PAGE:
When Yui loses both her mother and her daughter in the tsunami, she begins to mark the passage of time from that date onward: Everything is relative to March 11, 2011, the day the tsunami tore Japan apart, and when grief took hold of her life. Yui struggles to continue on, alone with her pain. Then, one day she hears about a man who has an old disused telephone booth in his garden. There, those who have lost loved ones find the strength to speak to them and begin to come to terms with their grief.
Rand’s translation is fluent and seamless; she captures the lyricism and meditative quality of the writing with care, a feat made more impressive given that there’s also a distinct Japanese sensibility ... powerful and moving, thoughtful and evocative. Messina writes with both clarity and restraint, with the ability to reveal much in a single, compressed paragraph ... Messina deals both with the profound questions as well as the, perhaps, more practical moments ... Longer chapters are punctuated by shorter ones, some written as list, others as fragments, a single word, or an in-depth look and what had otherwise seemed like a secondary observation. These ultimately add to the experience: revealing a relationship through quieter moments, serving as a break in the tension or offering a different lens to reflect upon the previous chapter ... There is a stillness and quietness to the book that makes each movement all the more meaningful. The words carry a weight that makes each sentence feel intentional; there’s no fat to trim. Moving and heart-breaking, Yui’s story—and that of the Wind Phone—is equally uplifting and heart-warming.
... [an] astonishment. And while Imai Messina’s quiet, contemplative, and gripping tale is fiction, the story ultimately has its feet – and its heart – planted firmly in reality ... Imai Messina’s story – musing on grief, hope, and joy – comes, then, at the perfect moment ... Imai Messina unfolds how Yui and Takeshi form a friendship of shared experience – and then navigate the trickier shoals of a deeper relationship – in lyrical, unrushed prose that avoids sentimentality ... These brief segments add rich detail to the novel without slowing down the storytelling ... Such characters, and such a setting, risk tipping the tale into a depressing bog. Yet Imai Messina, like her story’s powerful wind, pushes these individuals forward. They question, they consider, and they take fresh steps.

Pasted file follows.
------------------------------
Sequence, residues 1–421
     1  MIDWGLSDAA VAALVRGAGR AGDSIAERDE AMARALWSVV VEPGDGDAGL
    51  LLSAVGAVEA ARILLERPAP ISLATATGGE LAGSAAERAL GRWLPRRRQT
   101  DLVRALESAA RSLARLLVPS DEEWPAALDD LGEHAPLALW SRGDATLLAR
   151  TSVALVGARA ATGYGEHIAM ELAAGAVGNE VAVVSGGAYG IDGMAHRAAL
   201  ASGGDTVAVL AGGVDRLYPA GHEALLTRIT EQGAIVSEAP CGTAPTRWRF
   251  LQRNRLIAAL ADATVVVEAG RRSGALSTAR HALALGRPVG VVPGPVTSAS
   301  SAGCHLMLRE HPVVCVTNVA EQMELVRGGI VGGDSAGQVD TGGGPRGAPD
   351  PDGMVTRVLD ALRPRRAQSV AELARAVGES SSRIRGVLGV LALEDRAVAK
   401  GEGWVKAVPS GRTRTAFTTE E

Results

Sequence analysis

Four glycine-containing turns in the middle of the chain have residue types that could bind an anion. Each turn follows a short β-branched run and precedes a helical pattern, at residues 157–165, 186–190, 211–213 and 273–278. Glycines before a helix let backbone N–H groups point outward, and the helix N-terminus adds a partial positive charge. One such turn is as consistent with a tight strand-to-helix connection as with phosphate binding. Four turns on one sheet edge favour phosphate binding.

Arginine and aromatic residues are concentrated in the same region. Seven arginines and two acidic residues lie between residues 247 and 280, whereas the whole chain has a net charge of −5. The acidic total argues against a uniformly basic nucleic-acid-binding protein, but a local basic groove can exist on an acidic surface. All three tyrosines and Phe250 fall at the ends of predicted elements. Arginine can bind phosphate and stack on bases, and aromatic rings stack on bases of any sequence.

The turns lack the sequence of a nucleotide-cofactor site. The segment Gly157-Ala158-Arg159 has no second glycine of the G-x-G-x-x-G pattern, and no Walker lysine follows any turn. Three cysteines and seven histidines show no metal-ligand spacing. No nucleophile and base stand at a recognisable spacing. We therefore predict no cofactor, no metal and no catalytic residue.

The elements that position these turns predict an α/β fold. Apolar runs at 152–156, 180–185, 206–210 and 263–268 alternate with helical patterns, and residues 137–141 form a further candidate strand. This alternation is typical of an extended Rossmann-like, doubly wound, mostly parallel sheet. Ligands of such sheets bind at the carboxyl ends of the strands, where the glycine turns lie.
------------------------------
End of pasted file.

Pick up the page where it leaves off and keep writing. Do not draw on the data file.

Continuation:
... moving ... Thoughtful and tender, full of small daily moments and acts of kindness, Messina's novel is a testament to the power of community (and a bit of whimsy) in moving forward after loss ... Messina's portrayal of the storm and its aftermath is matter of fact and unstinting; she lays out the broad outlines of the tragedy without trying to explain or make sense of it ... Messina intersperses her spare, lyrical narrative with tiny chapters formed mostly of lists...These lists of quotidian details offer flashes of normalcy (and sometimes humor) amid the larger narrative of life-altering grief with which the characters are grappling ... Though Messina's narrative is mainly focused on Yui and Takeshi, she draws thoughtful, nuanced portraits of several secondary characters ... The wind phone is perhaps an unusual response to grief, but both in the novel and in real life, it provides a place for grieving people to have necessary conversations, to acknowledge their sadness and other complicated emotions, and--perhaps--to let their grief lift and float out over the sea.